The pilot was such a success that in May 2005 the London Development Agency, the Mayor of London's agency for business and jobs, announced a £1m funding package to turn the project into a permanent resource. The centre's facilities were enlarged and upgraded to include state-of-the-art meeting rooms, a networking area and wireless internet access. A team of information experts is on hand to help people find the information they need. The new centre re-launched in March 2006. In the 14 months since, it has welcomed more than 25,000 people through its doors.
The Alan Turing Institute is the United Kingdom's national institute for data science and artificial intelligence, founded in 2015. It is named after Alan Turing, the British mathematician and computing pioneer.British Library Philatelic Collections
The British Library Philatelic Collections is the national philatelic collection of the United Kingdom with over 8 million items from around the world. It was established in 1891 as part of the British Museum Library, later to become the British Library, with the collection of Thomas Tapling. In addition to bequests and continuing donations, the library received consistent deposits by the Crown Agency and has become a primary research collection for British Empire and international history. The collections contain a wide range of artefacts in addition to postage stamps, from newspaper stamps to a press used to print the first British postage stamps.British Library Sound Archive
The British Library Sound Archive (formerly the British Institute of Recorded Sound; also known as the National Sound Archive (NSA)) in London, England is among the largest collections of recorded sound in the world, including music, spoken word and ambient recordings.
It holds more than six million recordings, including over a million discs and 200,000 tapes. These include commercial record releases, chiefly from the UK, but with some from overseas, radio broadcasts (many from the BBC Sound Archive) and privately made recordings.British Museum Reading Room
The British Museum Reading Room, situated in the centre of the Great Court of the British Museum, used to be the main reading room of the British Library. In 1997, this function moved to the new British Library building at St Pancras, London, but the Reading Room remains in its original form at the British Museum.
Designed by Sydney Smirke and opened in 1857, the Reading Room was in continual use until its temporary closure for renovation in 1997. It was reopened in 2000, and from 2007 to 2014 it was used to stage temporary exhibitions. It has since been closed while its future use remains under discussion.British Newspaper Archive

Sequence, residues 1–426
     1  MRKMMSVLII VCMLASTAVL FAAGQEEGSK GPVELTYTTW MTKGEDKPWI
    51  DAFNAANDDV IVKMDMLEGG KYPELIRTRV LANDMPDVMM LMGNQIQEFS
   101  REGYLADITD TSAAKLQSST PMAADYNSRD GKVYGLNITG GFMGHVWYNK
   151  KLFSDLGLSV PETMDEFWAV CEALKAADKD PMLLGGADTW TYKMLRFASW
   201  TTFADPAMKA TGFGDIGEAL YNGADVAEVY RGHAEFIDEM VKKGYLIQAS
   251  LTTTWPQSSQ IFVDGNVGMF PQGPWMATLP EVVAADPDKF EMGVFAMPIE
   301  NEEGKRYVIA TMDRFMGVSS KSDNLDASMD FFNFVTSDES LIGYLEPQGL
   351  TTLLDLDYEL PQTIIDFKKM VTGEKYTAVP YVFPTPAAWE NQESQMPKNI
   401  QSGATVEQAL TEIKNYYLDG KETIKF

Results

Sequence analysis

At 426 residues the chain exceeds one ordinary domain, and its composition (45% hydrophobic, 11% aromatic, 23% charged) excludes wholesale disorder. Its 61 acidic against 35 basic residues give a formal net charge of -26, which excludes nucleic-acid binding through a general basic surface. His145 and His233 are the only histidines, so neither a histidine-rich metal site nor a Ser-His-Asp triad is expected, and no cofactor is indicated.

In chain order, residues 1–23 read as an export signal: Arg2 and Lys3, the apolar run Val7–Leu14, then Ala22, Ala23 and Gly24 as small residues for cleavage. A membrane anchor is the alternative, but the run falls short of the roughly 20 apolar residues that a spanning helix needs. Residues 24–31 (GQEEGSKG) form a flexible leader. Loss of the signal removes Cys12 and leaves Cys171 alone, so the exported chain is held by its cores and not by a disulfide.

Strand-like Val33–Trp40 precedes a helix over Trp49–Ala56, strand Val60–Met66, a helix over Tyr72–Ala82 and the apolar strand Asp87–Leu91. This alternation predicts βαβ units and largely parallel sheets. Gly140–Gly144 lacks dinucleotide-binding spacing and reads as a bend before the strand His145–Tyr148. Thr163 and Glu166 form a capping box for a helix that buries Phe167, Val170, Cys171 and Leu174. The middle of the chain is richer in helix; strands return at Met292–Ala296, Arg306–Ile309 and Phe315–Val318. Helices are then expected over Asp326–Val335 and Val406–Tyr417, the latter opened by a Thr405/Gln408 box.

The British Newspaper Archive web site provides access to searchable digitized archives of British and Irish newspapers. It was launched in November 2011.Codex Sinaiticus
Codex Sinaiticus (Greek: Σιναϊτικός Κώδικας, Sinaïtikós Kṓdikas, Hebrew: קודקס סינאיטיקוס; Shelfmarks and references: London, Brit. Libr., Additional Manuscripts 43725; Gregory-Aland nº א [Aleph] or 01, [Soden δ 2]) or "Sinai Bible" is one of the four great uncial codices, ancient, handwritten copies of the Greek Bible. The codex is a celebrated historical treasure.The codex is an Alexandrian text-type manuscript written in uncial letters on parchment in the 4th century. Scholarship considers the Codex Sinaiticus to be one of the best Greek texts of the New Testament, along with the Codex Vaticanus. Until Constantin von Tischendorf's discovery of the Sinaiticus text, the Codex Vaticanus was unrivaled.The Codex Sinaiticus came to the attention of scholars in the 19th century at Saint Catherine's Monastery in the Sinai Peninsula, with further material discovered in the 20th and 21st centuries. Although parts of the codex are scattered across four libraries around the world, most of the manuscript is held today in the British Library in London, where it is on public display. Since its discovery, study of the Codex Sinaiticus has proven to be useful to scholars for critical studies of biblical text.
While large portions of the Old Testament are missing, it is assumed that the codex originally contained the whole of both Testaments. About half of the Greek Old Testament (or Septuagint) survived, along with a complete New Testament, the entire Deuterocanonical books, the Epistle of Barnabas and portions of The Shepherd of Hermas.Cotton library
The Cotton or Cottonian library is a collection of manuscripts once owned by Sir Robert Bruce Cotton MP (1571–1631), an antiquarian and bibliophile. It later became the basis of what is now the British Library, which still holds the collection. After the Dissolution of the Monasteries, many priceless and ancient manuscripts that had belonged to the monastic libraries began to be disseminated among various owners, many of whom were unaware of the cultural value of the manuscripts. Cotton's skill lay in finding, purchasing and preserving these ancient documents. The leading scholars of the era, including Francis Bacon, Walter Raleigh, and James Ussher, came to use Sir Robert's library. Richard James acted as his librarian. The library is of special importance for sometimes having preserved the only copy of a work, such as happened with Beowulf and Sir Gawain and the Green Knight.E-Theses Online Service
E-Theses Online Service (EThOS) is a bibliographic database and union catalogue of electronic theses provided by the British Library, the National Library of the United Kingdom. As of March 2018 EThOS provides access to approximately 480,000 doctoral theses awarded by over 140 UK higher education institutions, with around 3000 new thesis records added every month.Harold Pinter Archive